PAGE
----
“As cities face greater challenges with increasingly fewer resources, the need for entrepreneurial innovation has never been greater,” said Story Bellows, Co-Director, Mayor’s Office of New Urban Mechanics. “With the launch of FastFWD, we are calling on entrepreneurs to submit their brightest and boldest ideas for consideration.  We look forward to seeing the depth of talent and creativity they have to offer.”

Applications are due by January 22, 2014.

Ten finalists will be selected in spring 2014 to participate in an intensive, twelve-week accelerator program.  During the program, finalists will refine their proposal under the guidance of legal counsel, investors, industry experts and fellow entrepreneurs.  Finalists who enter the accelerator program will receive $10,000 stipends provided by FastFWD.

Upon completion of the accelerator program, the finalists’ proposals will be eligible for implementation as a fast-track funded pilot.

Professor Katherine Klein, Vice Dean for the Wharton Social Impact Initiative added, “Wharton Social Impact Initiative is thrilled to be helping the city in spurring entrepreneurial solutions to urban challenges. The FastFWD process represents a cutting-edge approach, linking business, city government and the University to create sustainable solutions.  There’s a palpable sense of excitement and optimism among all who are participating in this process, including the Mayor – a Wharton alum – and his team.”
“Above all, FastFWD will offer entrepreneurs access. The program will provide access to the core problems, prioritizing and presenting them as target of entrepreneurial opportunity, said Garrett Melby, Founder and Managing Director, GoodCompany Group. “FastFWD will also provide access to expertise for entrepreneurs to refine their ideas with subject-matter experts, and hone their business model with finance experts from The Wharton School.”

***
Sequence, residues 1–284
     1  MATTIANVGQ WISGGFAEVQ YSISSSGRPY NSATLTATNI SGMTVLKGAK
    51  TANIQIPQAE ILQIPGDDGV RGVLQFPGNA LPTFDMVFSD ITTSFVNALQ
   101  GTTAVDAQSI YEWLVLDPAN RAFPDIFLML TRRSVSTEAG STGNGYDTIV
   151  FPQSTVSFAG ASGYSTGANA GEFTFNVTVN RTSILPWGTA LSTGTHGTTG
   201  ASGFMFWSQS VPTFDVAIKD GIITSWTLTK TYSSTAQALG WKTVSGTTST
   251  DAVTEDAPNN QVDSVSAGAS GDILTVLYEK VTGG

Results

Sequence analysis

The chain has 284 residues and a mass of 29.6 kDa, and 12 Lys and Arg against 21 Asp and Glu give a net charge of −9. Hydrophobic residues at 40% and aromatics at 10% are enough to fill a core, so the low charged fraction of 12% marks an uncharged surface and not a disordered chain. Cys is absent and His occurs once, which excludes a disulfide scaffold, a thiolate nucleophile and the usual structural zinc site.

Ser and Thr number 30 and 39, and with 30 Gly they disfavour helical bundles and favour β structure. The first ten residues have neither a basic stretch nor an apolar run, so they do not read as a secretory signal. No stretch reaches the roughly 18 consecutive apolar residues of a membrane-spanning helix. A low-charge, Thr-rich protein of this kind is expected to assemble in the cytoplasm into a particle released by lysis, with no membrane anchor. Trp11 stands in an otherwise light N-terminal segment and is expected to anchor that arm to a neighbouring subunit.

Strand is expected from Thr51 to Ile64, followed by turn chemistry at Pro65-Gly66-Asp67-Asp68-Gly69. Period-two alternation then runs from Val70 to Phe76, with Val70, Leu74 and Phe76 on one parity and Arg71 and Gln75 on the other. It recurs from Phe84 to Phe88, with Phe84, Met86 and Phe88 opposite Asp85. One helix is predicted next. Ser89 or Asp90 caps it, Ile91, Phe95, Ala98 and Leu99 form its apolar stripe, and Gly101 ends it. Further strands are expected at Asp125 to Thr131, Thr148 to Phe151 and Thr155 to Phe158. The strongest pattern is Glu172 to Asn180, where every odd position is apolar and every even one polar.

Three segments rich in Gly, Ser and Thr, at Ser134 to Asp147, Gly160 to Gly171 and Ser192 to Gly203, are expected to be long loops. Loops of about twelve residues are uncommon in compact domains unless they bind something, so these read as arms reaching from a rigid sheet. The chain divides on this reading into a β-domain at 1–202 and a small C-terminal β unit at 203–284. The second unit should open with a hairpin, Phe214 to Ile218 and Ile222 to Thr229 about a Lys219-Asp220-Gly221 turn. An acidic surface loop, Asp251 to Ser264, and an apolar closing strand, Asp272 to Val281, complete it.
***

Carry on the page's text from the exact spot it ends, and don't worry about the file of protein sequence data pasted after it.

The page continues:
In addition, the City announced that FastFWD will partner with Impact Hub on entrepreneur engagement and Code for America on procurement reform.
For more information on FastFWD, including applications, log onto http://fast-fwd.org.

DreamIt Ventures gets new home, $3M investment

December 11, 2013 | Philadelphia Business Journal by Zenovia Campbell

DreamIt Ventures has a new headquarters. The startup accelerator is moving to theUniversity City Science Center in a partnership with Drexel University. The second and third floors of the Science Center building will transform into an “innovation hub” in April 2014. In addition to housing DreamIt Ventures, the 17,500 square foot space will also have space for local entrepreneurs. Drexel’s Expressive and Creative Interaction Technologies (ExCITe) Center, which opened last fall, occupies the Science Center’s first floor.

Also announced Wednesday was Drexel’s $3 million investment to DreamIt Fund II, a fund for aspiring entrepreneurs. While the company hopes to raise $30 million, DreamIt Co-Founder David Bookspan declined to comment on the amount raised to date.

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Drexel, Science Center unveil coworking space, DreamIt Ventures HQ

DreamIt Ventures is ramping up efforts to support its graduating companies by offering its Philadelphia startups both office space and capital, as DreamIt is currently raising a $30 million fund to invest in startups that have completed its program.

December 11, 2013 | Technical.ly Philly by Juliana Reyes

This spring, 3401 Market Street will launch as a tech startup hub.

DreamIt Ventures will establish its headquarters on the second and third floor of the building, a 17,500 square foot space that’s being developed by the University City Science Center and Drexel University for about $1 million, the organizations announced this afternoon.

DreamIt aims to host all of its Philadelphia accelerator programs for early-stage startups, as well as offer office space for its graduating companies. The space will also be open to non-DreamIt startups. On the ground floor  of the building is the ExCITe Center, Drexel’s cross-disciplinary music and tech lab.

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Full day in Philly for Reddit co-founder Alexis Ohanian

December 2, 2013 | Newsworks by Zach Seward

Reddit co-founder Alexis Ohanian is on an epic book tour: five months, 150 stops. On Monday, Philadelphia hosted three of those stops: a tech breakfast with local executives, a pizza-side chat at First Round Capital and an early evening event at UPenn. The man knows how to hustle.

“I want to just help these startups be great,” Ohanian said at the day’s second stop. “A conversation with a successful founder isn’t necessarily going to change your life, it isn’t necessarily going to give you the light bulb that makes your company 10X or whatever it is, but hopefully it’s helpful. And that’s the kind of atmosphere I expect at a place like this.”